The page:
Townsend Kindleberger ( Arthur O. Townsend, of counsel), for plaintiff.
George P. Nicholson, corporation counsel ( Isaac Phillips, of counsel), for defendant.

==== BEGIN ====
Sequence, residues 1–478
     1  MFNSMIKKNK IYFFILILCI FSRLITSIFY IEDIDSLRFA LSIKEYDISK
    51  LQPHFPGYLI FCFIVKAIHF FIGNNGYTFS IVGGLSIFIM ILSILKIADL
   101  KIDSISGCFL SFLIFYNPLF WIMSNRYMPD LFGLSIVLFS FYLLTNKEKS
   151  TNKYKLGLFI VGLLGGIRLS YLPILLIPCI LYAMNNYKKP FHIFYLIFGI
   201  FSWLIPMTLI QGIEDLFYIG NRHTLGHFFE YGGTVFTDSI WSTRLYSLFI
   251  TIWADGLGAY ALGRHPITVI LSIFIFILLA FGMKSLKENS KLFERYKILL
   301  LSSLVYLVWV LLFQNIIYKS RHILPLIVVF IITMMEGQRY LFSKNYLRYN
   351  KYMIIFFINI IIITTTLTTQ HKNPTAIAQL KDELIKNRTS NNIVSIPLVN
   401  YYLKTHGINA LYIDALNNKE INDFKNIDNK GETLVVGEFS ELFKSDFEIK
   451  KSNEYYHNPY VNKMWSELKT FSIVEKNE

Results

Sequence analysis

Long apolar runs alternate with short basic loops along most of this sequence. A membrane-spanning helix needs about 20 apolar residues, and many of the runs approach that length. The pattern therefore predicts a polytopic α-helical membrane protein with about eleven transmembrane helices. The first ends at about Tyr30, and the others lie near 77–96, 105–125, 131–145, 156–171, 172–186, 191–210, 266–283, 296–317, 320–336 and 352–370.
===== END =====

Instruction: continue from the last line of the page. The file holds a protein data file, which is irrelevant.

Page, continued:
The action is in equity, seeking cancellation of an ancient tax entry as a cloud on title. In the years 1860, 1868 and 1869 the estate of Commodore De Kay owned a tract of land near the center of Richmond county. This tract consisted of some forty-eight acres and by mesne conveyances has passed into the possession of the plaintiffs. In the years 1860, 1868, 1869 and 1872 the tax officials of Richmond county assessed against the said forty-eight-acre tract certain taxes, which were indicated on the assessment roll of said Richmond county, town of Middletown, as being assessed against the property of one De Kay. It appears that these taxes so entered were not reassessed with a description of the property in the next year following any one of said assessments in the manner provided for assessing non-resident taxes, nor did the treasurer of the county of Richmond or the officials of the town of Middletown ever prepare or certify or transmit to the comptroller of the state of New York an account of such unpaid taxes or any of them, as provided by law. All rights of the county of Richmond in the foregoing have passed to the city of New York, and a title company refuses to insure the title unless these taxes are paid or canceled. But the comptroller of the city of New York is without power to collect these taxes, by reason of the omission of the officials as above indicated. The position of each of the litigants herein is perfectly justifiable. On the one hand we find the landowners seeking to make proper use of their property, and, on the other, a public official seeking to safeguard the interests of the city to collect moneys he insists are due, as would appear from the record. There is no proof that the taxes have not been paid. As a matter of fact, they may have been paid and not entered. The comptroller is helpless to enforce his right and admits it, but he is in a position to block any activity of the owners in freeing the title from this cloud until the taxes are paid. The parties have reached an impasse. Æsop's Fables contain a story that is illustrative of the situation. The famished cow and the watchful canine are probably understudies of the present litigants, because the comptroller, as the watchdog of the treasury, is amply justified in refusing here to yield a right which he feels the city, on the record, possesses, while the plaintiffs seek to escape from this continuing threat. Equity, it seems to me, can properly solve this problem. No remedy can be found at law to quiet this title, and the plaintiffs are justified in seeking a way to remove lengthy and expensive litigation and to remove an ever-existing cause of controversy whenever plaintiffs seek to convey their land or to secure a loan thereon. If the legal rights of each of these parties are equal, equity should aid the relator, it seems to me, who seeks to secure a clear title. The rights of the defendant here are seriously menaced by the absence of the means of enforcement. In Holland v. Challen, 110 U.S. 15, 20, it is said: "A bill quia timet or to remove a cloud upon the title of real estate, differed from a bill of peace in that it did not seek so much to put an end to vexatious litigation respecting the property as to prevent future litigation by removing existing causes of controversy as to its title. It was brought in view of anticipated wrongs or mischiefs, and the jurisdiction of the court was invoked because the party feared future injury to his rights and interests." The Real Property Law, section 504, formerly Code of Civil Procedure, section 1642, would seem to give the court power to award any appropriate relief. Sharon v. Tucker, 144 U.S. 533. The present action, it seems to me, is justified by the decision in the case of Elmhurst Fire Co. v. City of New York, 213 N.Y. 87, affg. 157 A.D. 891. There the court said, at page 91: "The taxes, being invalid, were a cloud upon the title of the plaintiff, provable only by evidence dehors the record, and this action in equity is maintainable." Rice Memorial Hospital v. Tarrytown, 187 A.D. 855, was a second department case in which the case of Jex v. Mayor of New York, 103 N.Y. 536, was quoted. See, also, Webster Apartments v. City of New York, 118 Misc. 91, Mr. Justice Lehman writing the opinion and sustaining the form of action adopted by the plaintiffs herein. The defendant urges that the taxes in question are not a cloud on the title, because the taxes are not a lien against the property. But the very attitude of the title company would show that it is certainly regarded by them as such a cloud. From the whole case I feel that the plaintiffs are entitled to the relief prayed for, and findings may be submitted in accordance with that decision which shall decree a cancellation of these old tax entries and that the comptroller or the proper official shall be directed to cancel the four old levy entries of 1860, 1868, 1869 and 1872 on the books in his custody, making the proper reference to this decision and the decree thereunder. I give judgment in accordance with the above in favor of the plaintiffs.